The Mongoose has made an awe-inspiring IPL debut thanks to Matthew Hayden, and there may be more volunteers lining up to tame this animal, reports Times of India.
Perhaps Hayden's brute power doesn't require an enhanced bat, and maybe he just made this new innovation look good. For the bat's manufacturers, though, it has come as the perfect advertisement.
The brainchild of Marcus Codrington Fernandez, the Mongoose is not easy to get used to. Chennai Super Kings skipper Suresh Raina, who tried out the bat in the middle in Friday, said: "Hayden has been training with it for long and he felt this was the right time to use it. He used it in the nets for two hours on Thursday. I tried to use it but then felt I should return to my normal bat."
Delhi Daredevils skipper Dinesh Karthik, though, admitted they had been done in by the Mongoose. The bat, with a 5 cm thick base, boasts a handle 43% longer and a blade 33% shorter. With no splice, the sweet spot is enhanced a whopping 120%, making it ideal for T20 power-hitting.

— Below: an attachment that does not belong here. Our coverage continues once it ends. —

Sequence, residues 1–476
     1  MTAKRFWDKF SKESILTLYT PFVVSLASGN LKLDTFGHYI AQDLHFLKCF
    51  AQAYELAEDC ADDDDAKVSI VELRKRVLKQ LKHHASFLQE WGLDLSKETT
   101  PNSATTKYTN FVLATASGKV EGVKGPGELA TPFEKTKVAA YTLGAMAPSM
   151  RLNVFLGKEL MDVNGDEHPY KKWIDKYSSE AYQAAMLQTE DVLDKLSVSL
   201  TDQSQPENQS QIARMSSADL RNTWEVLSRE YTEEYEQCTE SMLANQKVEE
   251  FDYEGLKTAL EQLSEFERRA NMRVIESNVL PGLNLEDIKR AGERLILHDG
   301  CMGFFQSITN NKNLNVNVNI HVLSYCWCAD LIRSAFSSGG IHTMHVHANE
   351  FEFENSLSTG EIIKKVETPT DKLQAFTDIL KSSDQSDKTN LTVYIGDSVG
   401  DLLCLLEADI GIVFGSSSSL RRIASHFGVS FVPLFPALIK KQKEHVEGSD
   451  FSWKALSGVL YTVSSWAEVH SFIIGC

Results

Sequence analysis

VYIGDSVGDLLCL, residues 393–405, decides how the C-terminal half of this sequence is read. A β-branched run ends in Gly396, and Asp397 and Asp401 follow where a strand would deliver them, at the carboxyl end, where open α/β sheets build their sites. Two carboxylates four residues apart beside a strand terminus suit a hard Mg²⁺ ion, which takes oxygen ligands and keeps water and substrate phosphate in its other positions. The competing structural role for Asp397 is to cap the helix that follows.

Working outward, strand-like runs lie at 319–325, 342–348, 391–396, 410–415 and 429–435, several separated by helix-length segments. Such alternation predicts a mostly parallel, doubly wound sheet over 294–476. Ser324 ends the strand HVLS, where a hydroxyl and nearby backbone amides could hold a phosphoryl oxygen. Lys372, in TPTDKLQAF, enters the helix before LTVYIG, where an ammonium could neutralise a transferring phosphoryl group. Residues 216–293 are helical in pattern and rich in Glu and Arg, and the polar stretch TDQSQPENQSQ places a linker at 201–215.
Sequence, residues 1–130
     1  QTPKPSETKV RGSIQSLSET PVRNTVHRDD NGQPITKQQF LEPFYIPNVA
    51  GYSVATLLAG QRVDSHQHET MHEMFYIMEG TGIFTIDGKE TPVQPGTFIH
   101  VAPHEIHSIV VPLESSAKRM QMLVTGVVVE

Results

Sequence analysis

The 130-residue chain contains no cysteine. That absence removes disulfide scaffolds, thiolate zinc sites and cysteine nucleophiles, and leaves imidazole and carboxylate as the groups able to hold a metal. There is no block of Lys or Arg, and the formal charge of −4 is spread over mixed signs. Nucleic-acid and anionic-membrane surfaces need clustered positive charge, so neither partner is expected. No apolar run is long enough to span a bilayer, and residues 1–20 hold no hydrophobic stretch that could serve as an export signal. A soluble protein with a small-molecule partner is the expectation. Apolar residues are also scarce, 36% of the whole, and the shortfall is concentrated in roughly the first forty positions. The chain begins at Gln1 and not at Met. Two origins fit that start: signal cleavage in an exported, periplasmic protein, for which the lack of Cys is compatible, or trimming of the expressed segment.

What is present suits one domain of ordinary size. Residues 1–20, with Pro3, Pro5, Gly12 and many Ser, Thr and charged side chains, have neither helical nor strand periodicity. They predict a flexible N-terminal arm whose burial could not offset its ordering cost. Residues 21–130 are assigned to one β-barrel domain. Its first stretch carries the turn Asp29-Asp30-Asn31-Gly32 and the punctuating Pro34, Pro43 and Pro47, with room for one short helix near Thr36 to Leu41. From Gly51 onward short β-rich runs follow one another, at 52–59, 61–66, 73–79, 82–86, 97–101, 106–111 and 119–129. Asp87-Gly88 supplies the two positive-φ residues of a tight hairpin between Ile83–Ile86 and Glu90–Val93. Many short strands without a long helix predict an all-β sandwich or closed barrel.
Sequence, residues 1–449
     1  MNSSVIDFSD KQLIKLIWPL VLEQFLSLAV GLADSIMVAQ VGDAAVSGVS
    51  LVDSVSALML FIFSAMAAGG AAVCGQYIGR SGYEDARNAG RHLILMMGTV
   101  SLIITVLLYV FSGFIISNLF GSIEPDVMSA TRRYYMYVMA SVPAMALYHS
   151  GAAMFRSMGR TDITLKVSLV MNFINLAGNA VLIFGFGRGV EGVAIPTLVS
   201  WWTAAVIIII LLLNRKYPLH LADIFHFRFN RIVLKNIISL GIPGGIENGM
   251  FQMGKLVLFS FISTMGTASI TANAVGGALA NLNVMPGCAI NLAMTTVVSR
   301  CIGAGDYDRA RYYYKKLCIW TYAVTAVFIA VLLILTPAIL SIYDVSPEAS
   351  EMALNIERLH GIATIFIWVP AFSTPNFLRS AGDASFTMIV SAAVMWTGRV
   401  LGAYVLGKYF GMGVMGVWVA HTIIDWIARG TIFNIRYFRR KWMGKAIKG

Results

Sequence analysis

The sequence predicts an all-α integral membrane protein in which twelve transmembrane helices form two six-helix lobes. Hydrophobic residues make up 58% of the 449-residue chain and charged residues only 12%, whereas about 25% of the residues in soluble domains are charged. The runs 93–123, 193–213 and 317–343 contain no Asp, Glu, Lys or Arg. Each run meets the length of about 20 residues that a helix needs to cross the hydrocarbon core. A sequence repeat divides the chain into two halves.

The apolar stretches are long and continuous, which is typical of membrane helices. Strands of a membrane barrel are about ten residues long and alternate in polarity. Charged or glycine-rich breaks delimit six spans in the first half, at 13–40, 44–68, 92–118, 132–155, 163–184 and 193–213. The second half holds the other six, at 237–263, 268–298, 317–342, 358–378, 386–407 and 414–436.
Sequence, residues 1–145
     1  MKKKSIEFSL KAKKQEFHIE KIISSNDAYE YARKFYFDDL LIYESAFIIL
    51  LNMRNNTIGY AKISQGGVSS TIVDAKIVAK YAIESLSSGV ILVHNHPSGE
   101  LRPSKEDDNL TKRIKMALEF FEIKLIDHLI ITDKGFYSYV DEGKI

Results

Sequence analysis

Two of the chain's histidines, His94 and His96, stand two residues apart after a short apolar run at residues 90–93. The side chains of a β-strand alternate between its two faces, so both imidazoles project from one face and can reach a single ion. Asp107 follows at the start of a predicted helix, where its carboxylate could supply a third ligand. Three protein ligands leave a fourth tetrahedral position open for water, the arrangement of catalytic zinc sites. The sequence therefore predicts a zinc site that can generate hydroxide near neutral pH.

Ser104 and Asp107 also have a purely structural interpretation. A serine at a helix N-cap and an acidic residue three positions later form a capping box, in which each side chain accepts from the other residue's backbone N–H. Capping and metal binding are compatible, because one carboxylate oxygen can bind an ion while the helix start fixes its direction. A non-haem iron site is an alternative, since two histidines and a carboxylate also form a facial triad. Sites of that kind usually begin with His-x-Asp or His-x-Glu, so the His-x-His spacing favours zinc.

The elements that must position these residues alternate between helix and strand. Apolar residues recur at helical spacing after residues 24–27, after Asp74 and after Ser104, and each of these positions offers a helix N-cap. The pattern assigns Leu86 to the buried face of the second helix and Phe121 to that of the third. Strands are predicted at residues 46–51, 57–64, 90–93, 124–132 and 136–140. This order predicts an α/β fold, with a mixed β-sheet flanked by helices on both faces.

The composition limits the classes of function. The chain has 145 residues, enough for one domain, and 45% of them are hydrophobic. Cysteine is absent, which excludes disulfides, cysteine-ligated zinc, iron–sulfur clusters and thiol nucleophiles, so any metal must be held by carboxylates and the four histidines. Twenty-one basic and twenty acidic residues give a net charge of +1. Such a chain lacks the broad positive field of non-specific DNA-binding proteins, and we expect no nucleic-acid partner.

The first batsman to use it, Australia's Stuart Law, feels it has the potential to "revolutionise cricket", while Hayden has dismissed speculation that the bat is unwieldy against quality pace, saying "it will not be a handicap in playing short-pitched balls or bouncers. It has tremendous bat speed".
The Mongoose's philosophy is simple: batsmen hardly use the top part of their bats, so it makes sense to take that wasted wood and use it further down the blade. The longer handle offers more 'whip', and though it weighs the same as a normal bat, the Mongoose feels lighter because the unique handle offers 'leverage.'
If Hayden continues to demolish opposition bowlers in the IPL, very soon there will be many more takers.